As we wait for news about the fate of NBC’s Timeless, I have been thinking about times and people I want the Time Team to visit next season and how it could affect the world as we know it, and shed light on some woefully neglected figures from our past.
Most of what people know about King Henry VIII can be summed up in one sentence “Fat Tyrant who killed his wives.” That may have been true by the time he died, but it wasn’t always the case. Yes, He broke from the Catholic church to divorce his first wife (Catherine of Aragon) but in the early years of his reign, Henry was seen as a handsome and fair king. It wasn’t until a fateful fall during a jousting tournament that the Tyrant was born. The fall wounded his leg (which would never heal) and likely caused permanent brain damage…. Now… what if Henry never got on that horse?
If you don’t know who these women are, you’re not alone. They are heroines in the Dominican Republic for their opposition to Rafael Trujillo, but most people in America have never heard of them. Their fight and assassination in 1960 makes them feminist and popular resistance role models.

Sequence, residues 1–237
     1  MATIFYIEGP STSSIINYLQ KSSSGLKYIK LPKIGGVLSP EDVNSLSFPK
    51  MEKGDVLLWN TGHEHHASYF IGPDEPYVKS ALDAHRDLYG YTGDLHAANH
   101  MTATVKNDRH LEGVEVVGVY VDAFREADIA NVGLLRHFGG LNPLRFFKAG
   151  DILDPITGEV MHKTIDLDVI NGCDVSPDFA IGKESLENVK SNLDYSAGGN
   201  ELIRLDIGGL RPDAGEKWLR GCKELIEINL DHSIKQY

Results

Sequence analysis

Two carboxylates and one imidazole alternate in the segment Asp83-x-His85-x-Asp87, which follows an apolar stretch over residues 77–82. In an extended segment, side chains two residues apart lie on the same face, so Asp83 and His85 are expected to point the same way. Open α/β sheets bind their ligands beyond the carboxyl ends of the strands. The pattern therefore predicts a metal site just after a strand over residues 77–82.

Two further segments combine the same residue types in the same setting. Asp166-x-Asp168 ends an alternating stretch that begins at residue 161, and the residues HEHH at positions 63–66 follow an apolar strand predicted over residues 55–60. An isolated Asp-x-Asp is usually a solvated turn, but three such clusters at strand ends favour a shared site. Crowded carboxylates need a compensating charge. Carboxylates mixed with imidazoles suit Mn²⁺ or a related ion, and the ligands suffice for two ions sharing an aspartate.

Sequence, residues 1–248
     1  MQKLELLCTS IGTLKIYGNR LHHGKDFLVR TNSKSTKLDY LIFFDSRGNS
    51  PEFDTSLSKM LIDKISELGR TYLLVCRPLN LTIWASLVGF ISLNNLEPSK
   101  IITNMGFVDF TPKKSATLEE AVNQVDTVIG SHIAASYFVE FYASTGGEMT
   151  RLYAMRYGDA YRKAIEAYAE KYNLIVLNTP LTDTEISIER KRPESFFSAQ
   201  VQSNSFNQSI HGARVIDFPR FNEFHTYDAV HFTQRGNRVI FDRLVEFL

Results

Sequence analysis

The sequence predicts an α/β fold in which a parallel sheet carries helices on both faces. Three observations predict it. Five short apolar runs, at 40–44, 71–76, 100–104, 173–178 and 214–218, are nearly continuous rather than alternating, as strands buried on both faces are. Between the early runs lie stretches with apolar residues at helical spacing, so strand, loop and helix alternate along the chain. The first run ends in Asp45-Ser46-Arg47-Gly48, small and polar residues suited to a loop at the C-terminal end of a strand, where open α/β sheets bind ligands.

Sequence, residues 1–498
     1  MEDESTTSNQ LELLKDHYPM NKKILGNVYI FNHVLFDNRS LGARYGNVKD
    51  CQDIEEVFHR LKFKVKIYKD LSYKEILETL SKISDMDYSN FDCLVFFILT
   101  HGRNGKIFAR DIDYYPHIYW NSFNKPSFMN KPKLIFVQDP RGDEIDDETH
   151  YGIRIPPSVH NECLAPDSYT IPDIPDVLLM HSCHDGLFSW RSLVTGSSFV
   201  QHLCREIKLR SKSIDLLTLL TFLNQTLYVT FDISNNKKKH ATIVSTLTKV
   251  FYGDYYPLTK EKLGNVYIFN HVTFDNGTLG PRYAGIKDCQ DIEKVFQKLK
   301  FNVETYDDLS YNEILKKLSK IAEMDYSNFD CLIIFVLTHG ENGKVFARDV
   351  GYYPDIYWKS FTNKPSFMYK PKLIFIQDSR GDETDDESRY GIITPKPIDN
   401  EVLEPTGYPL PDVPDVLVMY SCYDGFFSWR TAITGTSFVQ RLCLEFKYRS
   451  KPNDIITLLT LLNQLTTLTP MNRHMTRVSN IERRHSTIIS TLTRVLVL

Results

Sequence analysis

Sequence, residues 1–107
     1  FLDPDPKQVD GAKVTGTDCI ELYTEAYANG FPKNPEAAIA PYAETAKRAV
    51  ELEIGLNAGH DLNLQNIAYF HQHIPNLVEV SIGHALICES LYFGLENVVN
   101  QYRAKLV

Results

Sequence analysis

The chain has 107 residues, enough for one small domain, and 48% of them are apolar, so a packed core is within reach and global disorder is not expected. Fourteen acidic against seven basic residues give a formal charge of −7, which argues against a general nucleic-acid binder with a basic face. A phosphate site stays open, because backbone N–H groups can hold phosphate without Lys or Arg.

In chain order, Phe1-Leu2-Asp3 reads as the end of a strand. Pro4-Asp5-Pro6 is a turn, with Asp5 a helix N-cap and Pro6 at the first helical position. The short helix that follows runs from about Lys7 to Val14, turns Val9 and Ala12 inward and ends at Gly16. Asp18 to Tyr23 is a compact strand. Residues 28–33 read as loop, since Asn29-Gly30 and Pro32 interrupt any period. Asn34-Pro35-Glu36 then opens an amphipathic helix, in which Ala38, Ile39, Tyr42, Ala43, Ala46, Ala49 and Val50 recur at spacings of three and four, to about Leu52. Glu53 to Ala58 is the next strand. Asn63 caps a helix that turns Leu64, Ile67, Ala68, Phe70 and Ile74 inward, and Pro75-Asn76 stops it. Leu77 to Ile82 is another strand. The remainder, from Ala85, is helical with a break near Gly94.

I don’t only say this as a fan of Outlander and lover of Scotland in general (though I’d be lying if I didn’t mention both). In 1745 The Bonnie Prince Charlie (or Pretender to the Throne) led an ill-fated campaign to take the English crown from the English King George II. They lost, terribly. BUT… had they won, there would have been no King George III and possibly no American Revolution…. well, probably not, but my guess is it would be very different.
Forget the 1997 movie about Le Amistad and the trial of the slaves who rose up against the people who stole them from their homes to sell them into bondage. The real story of Sengbe Pieh is amazing and harrowing, and more people need to know it.
Toussaint Louverture and the 1791 Haitian Slave Rebellion
The governor and general of the 1791 Haitian rebellion is not well known here, but he fought for Saint Domingue’s
sovereignty against Napoleon. He was crucial in transforming a rebellion into a revolution and creating the first free colonial society to look beyond race in regards to a person’s societal status.